View Full Version : Marines celebrate their history

11-10-05, 05:27 AM
Marines celebrate their history
By Ursula Remy

In the shadow of the Iraq War, more than 1,000 former and active duty marines convened at the Boston Convention and Exhibition Center on Tuesday to celebrate the 230th birthday of the U.S. Marine Corps.

The 18th annual celebration of its kind, was just like any other, except for the rising anti-war sentiment around the nation.

"This started off as a remembrance between six friends ... of fellow Marines who had fallen during the Vietnam War," said Marine Coleman Nee, a veteran from Desert Storm.

"Before long, each person was bringing a friend, and within 18 years, it had turned into what you see today. This is a sort of a sanctuary for them, since most of these guys have had really hard war experiences.
Here, they are welcomed home by family."

To symbolize the unity among all ranks and ages, Sgt. Major Alan cut a birthday cake and presented the first slice to the oldest present Marine, World War II veteran John Murdock. As is tradition, Murdock then passed the cake to the youngest serving Marine, Pvt. Edward Garvin.

The Marines' celebration recognized not only the current soldiers fighting and retired Marines but also served to remind Marines what it means to bear their titles.

"Regardless of where Marines are, wherever there are two or more gathered, they are going to get together around the 10th of November and celebrate this birthday," Gen. Michael Hagee said. "Why are we here? Because we're good. We are a breed of heart. Some may call us strange and extreme, but we don't care."

Hagee said the Marine Corps has a reputation for the intense amount of work that goes into training. From an arduous boot camp to being the first part of the military called on to fight, the Marines are proud to call themselves "the few and the proud."

"It's something we hold very close to ourselves to come out here and celebrate this birthday," Staff Sgt. James Sobey said.

Speakers at the birthday celebration expressed an overwhelming sense of pride and dedication, both at the microphone and at the lunch tables. Bagpipes played and drums boomed as Maj. Shane Tomko, director of this year's event, told the Marines to "stop, reflect and remember what you did to deserve that title."

Tomko shared the story of Sgt. Andrew Farrar, who was killed in Iraq in January. Farrar, before his death, wrote a letter to his mother requesting that the Dropkick Murphys version of "Fields Of Athenry" be played at his funeral. After hearing the news, the Boston-based band came to Farrar's funeral, performed the song and later recorded a new ballad style version of the song in Farrar's honor. Only three copies were made and the band gave all three of them to Farrar's family. A member from the band was at the celebration and received an award as thanks from the Marine Corps.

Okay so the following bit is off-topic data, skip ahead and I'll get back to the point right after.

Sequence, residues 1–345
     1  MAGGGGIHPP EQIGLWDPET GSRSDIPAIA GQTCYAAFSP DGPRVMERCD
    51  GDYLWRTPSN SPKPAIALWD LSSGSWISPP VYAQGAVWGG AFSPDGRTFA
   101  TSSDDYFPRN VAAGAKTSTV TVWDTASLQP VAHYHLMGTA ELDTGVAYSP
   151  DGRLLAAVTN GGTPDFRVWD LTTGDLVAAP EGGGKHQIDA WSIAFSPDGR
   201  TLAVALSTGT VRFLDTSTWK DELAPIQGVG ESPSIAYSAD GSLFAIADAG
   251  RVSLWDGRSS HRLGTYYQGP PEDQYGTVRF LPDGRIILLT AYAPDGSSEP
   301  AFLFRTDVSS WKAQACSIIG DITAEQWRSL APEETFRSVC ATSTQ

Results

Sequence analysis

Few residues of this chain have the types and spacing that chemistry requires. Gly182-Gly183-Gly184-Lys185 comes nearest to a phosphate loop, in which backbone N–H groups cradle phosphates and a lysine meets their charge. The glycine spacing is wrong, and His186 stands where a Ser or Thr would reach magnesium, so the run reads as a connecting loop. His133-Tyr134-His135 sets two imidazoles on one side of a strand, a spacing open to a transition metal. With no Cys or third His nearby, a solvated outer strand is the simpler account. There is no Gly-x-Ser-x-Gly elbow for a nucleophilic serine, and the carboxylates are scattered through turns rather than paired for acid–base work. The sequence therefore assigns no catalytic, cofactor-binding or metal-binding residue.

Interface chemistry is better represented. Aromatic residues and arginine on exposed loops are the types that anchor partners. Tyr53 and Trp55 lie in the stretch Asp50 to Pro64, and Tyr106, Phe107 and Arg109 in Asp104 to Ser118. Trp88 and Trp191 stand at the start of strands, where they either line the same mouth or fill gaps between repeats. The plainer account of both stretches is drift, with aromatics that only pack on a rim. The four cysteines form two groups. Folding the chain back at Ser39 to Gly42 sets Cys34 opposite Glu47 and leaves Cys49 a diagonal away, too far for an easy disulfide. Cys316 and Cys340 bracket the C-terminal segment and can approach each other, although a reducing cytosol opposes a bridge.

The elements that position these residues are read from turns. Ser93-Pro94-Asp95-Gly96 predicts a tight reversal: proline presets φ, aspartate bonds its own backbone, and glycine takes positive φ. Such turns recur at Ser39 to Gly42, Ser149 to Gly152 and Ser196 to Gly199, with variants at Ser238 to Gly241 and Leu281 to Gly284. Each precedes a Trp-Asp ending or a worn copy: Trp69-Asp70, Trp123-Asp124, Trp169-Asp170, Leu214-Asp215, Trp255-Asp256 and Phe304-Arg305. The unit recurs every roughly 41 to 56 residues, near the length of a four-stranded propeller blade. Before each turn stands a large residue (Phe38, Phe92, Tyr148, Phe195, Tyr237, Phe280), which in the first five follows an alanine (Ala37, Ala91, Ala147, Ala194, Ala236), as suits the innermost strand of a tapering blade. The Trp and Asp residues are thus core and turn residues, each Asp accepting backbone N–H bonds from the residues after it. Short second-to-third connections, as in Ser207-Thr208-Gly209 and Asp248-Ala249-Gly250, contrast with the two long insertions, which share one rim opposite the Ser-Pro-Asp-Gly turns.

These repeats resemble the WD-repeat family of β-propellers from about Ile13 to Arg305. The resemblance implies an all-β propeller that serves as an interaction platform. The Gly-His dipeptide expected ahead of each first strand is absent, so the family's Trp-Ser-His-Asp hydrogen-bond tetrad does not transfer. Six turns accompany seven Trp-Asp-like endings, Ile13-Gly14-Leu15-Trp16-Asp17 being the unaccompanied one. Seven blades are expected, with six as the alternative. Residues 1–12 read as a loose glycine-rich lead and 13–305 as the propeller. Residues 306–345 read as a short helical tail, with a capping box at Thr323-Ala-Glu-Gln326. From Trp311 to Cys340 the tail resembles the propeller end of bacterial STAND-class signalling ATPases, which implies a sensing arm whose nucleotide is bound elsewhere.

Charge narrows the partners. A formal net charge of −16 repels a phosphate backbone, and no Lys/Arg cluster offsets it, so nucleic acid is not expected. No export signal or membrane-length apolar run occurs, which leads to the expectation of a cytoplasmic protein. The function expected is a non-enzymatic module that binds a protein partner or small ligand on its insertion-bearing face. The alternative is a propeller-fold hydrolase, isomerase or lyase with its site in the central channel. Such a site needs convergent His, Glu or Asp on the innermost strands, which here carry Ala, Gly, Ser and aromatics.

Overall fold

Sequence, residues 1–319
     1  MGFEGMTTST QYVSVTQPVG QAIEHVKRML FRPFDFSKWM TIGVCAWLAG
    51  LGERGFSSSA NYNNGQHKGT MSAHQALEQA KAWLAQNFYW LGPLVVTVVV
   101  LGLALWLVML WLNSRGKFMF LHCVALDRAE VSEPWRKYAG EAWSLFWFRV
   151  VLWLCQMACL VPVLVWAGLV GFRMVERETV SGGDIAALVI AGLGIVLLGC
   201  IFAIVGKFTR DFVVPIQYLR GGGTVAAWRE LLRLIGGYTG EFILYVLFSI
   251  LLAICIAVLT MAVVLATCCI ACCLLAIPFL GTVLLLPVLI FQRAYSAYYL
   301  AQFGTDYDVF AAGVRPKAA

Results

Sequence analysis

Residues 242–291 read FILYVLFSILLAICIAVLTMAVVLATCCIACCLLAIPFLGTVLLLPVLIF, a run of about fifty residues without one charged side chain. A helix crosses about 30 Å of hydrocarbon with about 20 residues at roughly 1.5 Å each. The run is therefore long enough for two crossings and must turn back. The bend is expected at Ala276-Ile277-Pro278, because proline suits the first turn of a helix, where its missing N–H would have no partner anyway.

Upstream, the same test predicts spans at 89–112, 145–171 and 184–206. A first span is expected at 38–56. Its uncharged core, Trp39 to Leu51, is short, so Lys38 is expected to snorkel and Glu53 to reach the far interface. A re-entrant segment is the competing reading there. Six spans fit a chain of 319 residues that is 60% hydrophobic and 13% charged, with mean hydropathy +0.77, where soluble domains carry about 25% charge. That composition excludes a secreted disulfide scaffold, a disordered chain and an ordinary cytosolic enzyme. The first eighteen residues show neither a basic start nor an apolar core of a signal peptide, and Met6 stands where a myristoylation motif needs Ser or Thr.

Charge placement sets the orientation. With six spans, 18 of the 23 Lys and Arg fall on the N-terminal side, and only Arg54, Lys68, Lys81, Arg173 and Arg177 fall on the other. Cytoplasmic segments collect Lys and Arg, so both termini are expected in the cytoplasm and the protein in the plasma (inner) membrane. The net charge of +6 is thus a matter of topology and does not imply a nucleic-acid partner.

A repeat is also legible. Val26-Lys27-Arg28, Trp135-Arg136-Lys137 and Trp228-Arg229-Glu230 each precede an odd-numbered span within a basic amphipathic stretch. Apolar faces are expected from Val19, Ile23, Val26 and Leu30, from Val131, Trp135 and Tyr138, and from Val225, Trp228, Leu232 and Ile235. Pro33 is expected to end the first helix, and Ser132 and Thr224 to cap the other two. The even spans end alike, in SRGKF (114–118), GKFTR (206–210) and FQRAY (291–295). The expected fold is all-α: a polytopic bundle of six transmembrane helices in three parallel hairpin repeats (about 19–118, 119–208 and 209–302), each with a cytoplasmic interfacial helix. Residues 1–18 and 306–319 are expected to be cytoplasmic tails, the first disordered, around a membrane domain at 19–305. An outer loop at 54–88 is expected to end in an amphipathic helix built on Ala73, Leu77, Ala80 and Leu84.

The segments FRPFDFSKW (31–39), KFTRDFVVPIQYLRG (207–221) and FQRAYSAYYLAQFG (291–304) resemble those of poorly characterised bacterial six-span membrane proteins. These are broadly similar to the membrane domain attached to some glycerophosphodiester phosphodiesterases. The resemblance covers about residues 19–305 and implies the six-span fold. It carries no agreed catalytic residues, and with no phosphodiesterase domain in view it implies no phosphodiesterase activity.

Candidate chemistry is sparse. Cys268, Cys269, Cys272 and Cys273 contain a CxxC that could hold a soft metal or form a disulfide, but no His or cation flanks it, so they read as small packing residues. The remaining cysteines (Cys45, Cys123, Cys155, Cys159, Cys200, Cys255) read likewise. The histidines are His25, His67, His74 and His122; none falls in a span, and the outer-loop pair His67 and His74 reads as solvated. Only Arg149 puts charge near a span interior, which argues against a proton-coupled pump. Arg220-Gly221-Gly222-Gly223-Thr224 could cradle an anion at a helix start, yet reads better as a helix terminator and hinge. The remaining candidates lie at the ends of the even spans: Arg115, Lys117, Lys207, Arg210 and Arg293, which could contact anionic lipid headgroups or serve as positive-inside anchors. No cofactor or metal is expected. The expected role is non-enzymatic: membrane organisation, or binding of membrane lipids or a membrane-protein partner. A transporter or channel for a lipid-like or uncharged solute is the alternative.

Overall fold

Col. Timothy Gahan also shared his story as a Marine, beginning as a private and rising to the rank of colonel within 30 years.

"I went back to get a degree from college, but right after I finished, I rejoined the Marines, because this to me seemed like my better choice," he said. "I've never regretted it."

Vietnam War veteran Dick Murphy received the Lt. Col. William F. Degan Semper Fidelis award for his service at a veteran. After the presentation of awards, U.S. member of the chief of staff Gen. Peter Pace swore in "poolees" - or training Marine recruits - as official members of the Marine Corps.


11-10-05, 06:44 AM
November 10, 1775

During the American Revolution, the Continental Congress passes a resolution stating that "two Battalions of Marines be raised" for service as landing forces for the recently formed Continental Navy. The resolution, drafted by future U.S. president John Adams and adopted in Philadelphia, created the Continental Marines and is now observed as the birth date of the United States Marine Corps.

Serving on land and at sea, the original U.S. Marines distinguished themselves in a number of important operations during the Revolutionary War. The first Marine landing on a hostile shore occurred when a force of Marines under Captain Samuel Nicholas captured New Province Island in the Bahamas from the British in March 1776. Nicholas was the first commissioned officer in the Continental Marines and is celebrated as the first Marine commandant. After American independence was achieved in 1783, the Continental Navy was demobilized and its Marines disbanded.

In the next decade, however, increasing conflict at sea with Revolutionary France led the U.S. Congress to establish formally the U.S. Navy in May 1798. Two months later, on July 11, President John Adams signed the bill establishing the U.S. Marine Corps as a permanent military force under the jurisdiction of the Department of Navy. U.S. Marines saw action in the so-called Quasi-War with France and then fought against the Barbary pirates of North Africa during the first years of the 19th century. Since then, Marines have participated in all the wars of the United States and in most cases were the first soldiers to fight. In all, Marines have executed more than 300 landings on foreign shores.

Today, there are more than 200,000 active-duty and reserve Marines, divided into three divisions stationed at Camp Lejeune, North Carolina; Camp Pendleton, California; and Okinawa, Japan. Each division has one or more expeditionary units, ready to launch major operations anywhere in the world on two weeks' notice. Marines expeditionary units are self-sufficient, with their own tanks, artillery, and air forces. The motto of the service is Semper Fidelis, meaning "Always Faithful" in Latin.

Source: The History Channel

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